Population growth is the major cause of water scarcity. It doubled to 6 billion by the millennium and will reach a high of 7.9 billion in the year 2020, a 50% increase since the 1990’s. By 2050, the population is expected to increase to 9.3 billion people. Imagine what this would do to the supply and demand of water. As advancements in medicine continue, this will allow the older generations and baby boomers to live longer, and as more babies are born the demand for water will double.
Water pollution will result in a loss of 18,000 cubic kilometers by the year 2050, which is over 8 times the amount of water used for irrigation by current countries. “About 2 million tons of waste is dumped every day into rivers, lakes and streams, with one liter of waste water sufficient to pollute about 8 liters of fresh water. Today's report estimates that across the world there are about 12,000 cubic kilometers of waste water, which is more than the total amount contained in the world's 10 largest river basins at any given moment.” Most of this contamination comes from agricultural or chemical fields, human waste, and untreated sewage. As water pollution progresses, the consumption needs will not be met and people will be forced to use hazardous water and misuse the available water. Countries around the world are in dire need of special facilities and management plants that will reduce water pollutants.
Of the 3,830 cubic kilometers or 3.8 billion tons of freshwater that is used by humans, 70% of this water is used for the sole purpose of agriculture. “One kilogram of grain-fed beef needs at least 15 cubic meters of water, while a kilo of cereals needs only up to three meters.”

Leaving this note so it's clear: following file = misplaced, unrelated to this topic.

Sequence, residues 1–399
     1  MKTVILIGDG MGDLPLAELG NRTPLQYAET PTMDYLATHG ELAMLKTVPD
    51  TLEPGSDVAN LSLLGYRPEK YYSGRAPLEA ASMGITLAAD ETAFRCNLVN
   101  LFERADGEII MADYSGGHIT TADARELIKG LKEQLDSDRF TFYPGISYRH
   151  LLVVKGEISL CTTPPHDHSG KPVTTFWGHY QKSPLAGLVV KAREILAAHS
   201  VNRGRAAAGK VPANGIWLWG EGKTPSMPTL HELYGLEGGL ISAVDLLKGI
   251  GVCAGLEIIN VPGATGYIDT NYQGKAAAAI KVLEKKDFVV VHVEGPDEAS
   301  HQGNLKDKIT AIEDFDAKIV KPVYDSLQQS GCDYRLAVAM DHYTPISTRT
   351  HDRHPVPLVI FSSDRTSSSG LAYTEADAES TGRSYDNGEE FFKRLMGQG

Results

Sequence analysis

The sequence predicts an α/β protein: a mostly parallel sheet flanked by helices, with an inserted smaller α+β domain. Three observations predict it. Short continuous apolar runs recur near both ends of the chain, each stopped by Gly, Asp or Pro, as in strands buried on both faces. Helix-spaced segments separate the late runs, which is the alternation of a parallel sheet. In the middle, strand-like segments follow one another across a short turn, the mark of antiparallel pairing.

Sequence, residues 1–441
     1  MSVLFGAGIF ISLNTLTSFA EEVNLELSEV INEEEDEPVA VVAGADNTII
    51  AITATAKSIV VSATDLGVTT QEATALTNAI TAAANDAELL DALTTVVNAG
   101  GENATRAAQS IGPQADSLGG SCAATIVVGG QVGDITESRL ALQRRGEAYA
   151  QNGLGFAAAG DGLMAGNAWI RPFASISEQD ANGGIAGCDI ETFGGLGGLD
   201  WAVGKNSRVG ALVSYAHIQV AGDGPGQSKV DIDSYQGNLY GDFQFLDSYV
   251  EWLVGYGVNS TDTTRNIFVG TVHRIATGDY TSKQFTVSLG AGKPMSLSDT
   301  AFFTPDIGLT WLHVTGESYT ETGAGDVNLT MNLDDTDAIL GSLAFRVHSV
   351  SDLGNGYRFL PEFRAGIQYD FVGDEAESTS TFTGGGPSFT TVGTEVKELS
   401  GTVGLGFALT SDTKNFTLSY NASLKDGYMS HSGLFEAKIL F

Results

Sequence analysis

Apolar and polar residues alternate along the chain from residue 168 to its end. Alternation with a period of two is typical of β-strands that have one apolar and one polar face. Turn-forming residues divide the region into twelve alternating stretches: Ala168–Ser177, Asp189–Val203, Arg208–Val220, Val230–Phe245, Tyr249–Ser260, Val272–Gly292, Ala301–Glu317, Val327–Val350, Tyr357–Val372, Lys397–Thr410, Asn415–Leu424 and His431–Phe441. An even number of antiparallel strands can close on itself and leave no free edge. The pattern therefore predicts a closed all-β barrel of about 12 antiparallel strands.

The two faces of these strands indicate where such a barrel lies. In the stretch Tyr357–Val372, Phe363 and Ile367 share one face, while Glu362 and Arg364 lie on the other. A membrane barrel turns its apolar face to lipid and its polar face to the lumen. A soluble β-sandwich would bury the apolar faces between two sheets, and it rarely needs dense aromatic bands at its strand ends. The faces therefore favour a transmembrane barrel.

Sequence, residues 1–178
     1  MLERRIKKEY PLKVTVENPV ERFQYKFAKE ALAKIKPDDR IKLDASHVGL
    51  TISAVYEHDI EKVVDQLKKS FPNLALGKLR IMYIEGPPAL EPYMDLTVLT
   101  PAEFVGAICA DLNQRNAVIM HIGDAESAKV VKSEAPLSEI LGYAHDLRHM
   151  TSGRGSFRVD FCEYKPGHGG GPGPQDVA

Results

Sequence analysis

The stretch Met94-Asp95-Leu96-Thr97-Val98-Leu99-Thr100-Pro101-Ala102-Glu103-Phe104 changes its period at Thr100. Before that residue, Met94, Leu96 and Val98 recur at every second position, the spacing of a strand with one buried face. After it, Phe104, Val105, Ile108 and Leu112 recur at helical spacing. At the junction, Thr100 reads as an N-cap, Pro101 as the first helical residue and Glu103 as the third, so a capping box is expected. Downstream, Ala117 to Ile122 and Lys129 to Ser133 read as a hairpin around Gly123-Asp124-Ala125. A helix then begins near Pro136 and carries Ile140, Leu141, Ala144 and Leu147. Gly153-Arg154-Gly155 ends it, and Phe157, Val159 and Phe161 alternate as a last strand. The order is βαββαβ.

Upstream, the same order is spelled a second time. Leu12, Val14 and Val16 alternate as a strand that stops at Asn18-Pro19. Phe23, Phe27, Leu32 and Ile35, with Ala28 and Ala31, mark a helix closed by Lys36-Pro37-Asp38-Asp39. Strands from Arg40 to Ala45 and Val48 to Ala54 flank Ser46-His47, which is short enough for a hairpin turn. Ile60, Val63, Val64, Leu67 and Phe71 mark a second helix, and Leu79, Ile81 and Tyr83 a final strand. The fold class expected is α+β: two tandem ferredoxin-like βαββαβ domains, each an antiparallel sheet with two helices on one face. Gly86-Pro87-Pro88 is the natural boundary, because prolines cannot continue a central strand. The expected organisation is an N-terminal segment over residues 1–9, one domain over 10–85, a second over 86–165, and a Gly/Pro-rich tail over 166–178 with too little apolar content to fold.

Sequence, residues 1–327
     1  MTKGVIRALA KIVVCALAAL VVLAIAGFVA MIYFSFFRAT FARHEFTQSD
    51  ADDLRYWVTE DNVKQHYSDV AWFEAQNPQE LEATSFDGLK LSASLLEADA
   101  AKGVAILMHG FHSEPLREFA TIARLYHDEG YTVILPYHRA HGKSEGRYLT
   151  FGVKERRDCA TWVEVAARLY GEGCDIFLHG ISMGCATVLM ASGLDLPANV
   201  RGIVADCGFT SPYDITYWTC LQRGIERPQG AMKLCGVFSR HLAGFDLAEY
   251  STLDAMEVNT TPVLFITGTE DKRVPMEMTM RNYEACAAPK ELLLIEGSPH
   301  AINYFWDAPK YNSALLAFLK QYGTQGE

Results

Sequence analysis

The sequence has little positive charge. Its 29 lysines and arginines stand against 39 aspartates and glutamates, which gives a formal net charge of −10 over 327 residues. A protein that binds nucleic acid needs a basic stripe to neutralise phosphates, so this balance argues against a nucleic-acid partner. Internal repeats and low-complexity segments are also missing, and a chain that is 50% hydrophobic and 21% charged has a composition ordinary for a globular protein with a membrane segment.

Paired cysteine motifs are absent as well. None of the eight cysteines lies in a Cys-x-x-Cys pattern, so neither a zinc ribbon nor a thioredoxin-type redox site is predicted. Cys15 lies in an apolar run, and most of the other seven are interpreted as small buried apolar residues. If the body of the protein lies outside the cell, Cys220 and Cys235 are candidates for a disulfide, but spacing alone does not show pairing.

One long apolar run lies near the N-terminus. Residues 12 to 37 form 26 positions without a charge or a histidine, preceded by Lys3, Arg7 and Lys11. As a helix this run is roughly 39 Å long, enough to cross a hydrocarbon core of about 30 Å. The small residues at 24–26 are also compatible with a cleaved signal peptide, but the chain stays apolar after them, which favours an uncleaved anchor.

Urbanization and Industrialization
Besides the increasing number of people residing on this planet, urbanization is also increasing the demand for more water. Forty-eight percent of the human population lives in towns and cities. “In 1950, there were less than 100 cities with a population in excess of 1 million; by 2025, that number is expected to rise to 650. By the year 2000, some 23 cities -- 18 of them in the developing world -- will have populations exceeding 10 million. On a global scale, half of the world's people will live in urban areas.” As more people move from rural regions to urbanized cities the use of water will triple. Irrigation uses 70% of water, 20% is used by industrialization and 10% is for the needs of residents.
Climate change and variability will be responsible for a one-fifth of the rise in water scarcity. Climatologists say droughts are becoming a new norm in some parts of the America, especially in the South and West. These droughts bleed dry the lakes and cause vital reservoirs to decrease. Instead of droughts some places will experience an increase in rainfall. Although more rainwater can be seen as a benefit, the unpredictability of climate change will leave some areas with extreme dryness or humidity that could lead to catastrophic effects.
The inability to manage water demands has left people suffering the effects of water scarcity. Irrigation farmers and industries run under the belief that there is a vast amount of water, when it is actually really scarce. Some countries like Africa are unable to properly distribute water amongst their residents. Along with management problems there are also institutional and financial issues. A few countries don’t realize how the available water in their states can be properly managed. Financial and fund shortages limit the chances of improving the current water systems.
Ground Water Exploitation
The exploitation of groundwater has led the Central Ground Water Authority to make sure that the government takes serious measures to deal with yet another cause for the lack of water. As water becomes more scarce, governments have to rely on groundwater, which leads to exploitation and even more problems.